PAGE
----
TULSA, Okla. — Mayor G.T. Bynum announces the City’s plans to rename two iconic Tulsa parks at a press conference Thursday morning.
He was joined by members of the Tulsa City Council, Muscogee Nation Principal Chief David Hill, and members of Tulsa’s Native American Community and Veterans Community.
The City plans to rename the current Veterans Park, located at 18th and South Boulder Park Drive, to Dream Keepers Park. The renaming is to honor Tulsa's rich Native American history.
Veterans Park will then be relocated to the current site of Centennial Park, at 1028 East 6th Street, an area that is at the heart of local veterans’ activities and events.
“This is an opportunity to properly honor two of our most important communities in Tulsa: America’s veterans and Native Americans,” Mayor G.T. Bynum said. “Not only will the parks’ names be a way for us to show our appreciation, but we hope, in both cases, these parks become a centerpiece for cultural activities, celebrations, and educational programs in the future.”
City officials say the new locations could provide more opportunities for large-scale events and a wide range of opportunities for the community.
“The Park locations were chosen based on their proximity to other important entities within those constituent groups,” said Anna America, Chief of Culture and Recreation and Parks Director.
The term, “dream keepers” comes from an annual award given to citizens by the Greater Tulsa Area Indian Affairs Commission who exemplify strong character and have made a difference in their dedication to public service.
“The Commission is looking forward to partnering with the city to honor and commemorate our Dream Keepers award winners through the naming of this Park,” Cheryl Cohenour, Chairwoman of, Greater Tulsa Area Indian Affairs Commission, said. “We chose the name, Dream Keepers because it is a word that is inclusive in all Tulsa-area tribes.”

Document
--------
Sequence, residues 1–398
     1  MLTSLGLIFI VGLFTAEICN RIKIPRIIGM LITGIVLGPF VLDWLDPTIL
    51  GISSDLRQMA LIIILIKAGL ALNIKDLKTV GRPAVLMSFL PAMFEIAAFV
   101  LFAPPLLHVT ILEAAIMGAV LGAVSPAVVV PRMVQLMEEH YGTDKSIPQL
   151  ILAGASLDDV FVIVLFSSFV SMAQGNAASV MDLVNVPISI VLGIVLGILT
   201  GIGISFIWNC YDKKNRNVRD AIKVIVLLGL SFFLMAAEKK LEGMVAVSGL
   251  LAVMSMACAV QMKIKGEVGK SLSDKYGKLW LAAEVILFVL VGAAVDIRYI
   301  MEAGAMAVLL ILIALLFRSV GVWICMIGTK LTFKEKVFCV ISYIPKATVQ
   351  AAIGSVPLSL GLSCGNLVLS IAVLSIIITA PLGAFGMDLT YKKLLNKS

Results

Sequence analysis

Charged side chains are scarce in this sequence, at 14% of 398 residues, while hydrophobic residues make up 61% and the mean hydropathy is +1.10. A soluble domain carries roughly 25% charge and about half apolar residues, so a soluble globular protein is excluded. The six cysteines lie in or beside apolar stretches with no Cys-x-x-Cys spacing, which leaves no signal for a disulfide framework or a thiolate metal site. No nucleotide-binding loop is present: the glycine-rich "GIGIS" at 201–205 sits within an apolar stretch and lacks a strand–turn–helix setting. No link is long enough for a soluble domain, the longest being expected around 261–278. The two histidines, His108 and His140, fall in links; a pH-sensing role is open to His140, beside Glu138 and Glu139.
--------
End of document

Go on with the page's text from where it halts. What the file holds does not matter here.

Several veterans’ monuments will need to be relocated. Veterans’ groups hope to have a new sign and any monuments moved into place before September 2021, which marks the 20th anniversary of the September 11 attacks.
Local veterans’ groups will coordinate the relocation of any monuments. Joshua Starks, Veterans Chair for the City’s Human Rights Commission says the new location will improve accessibility and provide better options for properly honoring and remembering Tulsans who served in the military.
“The new Veterans Park will provide easier access to our monuments and memorials, giving them the reverence, they deserve,” Starks said. “Walking along the trail will provide citizens with a visual remembrance of the service and sacrifice of our veterans and their families.”
Following the announcement today, the mayor’s recommendation of the renaming is being sent to the Tulsa Parks Board and the Greater Tulsa Area Indian Affairs Commission this summer before going to the City Council for formal approval.
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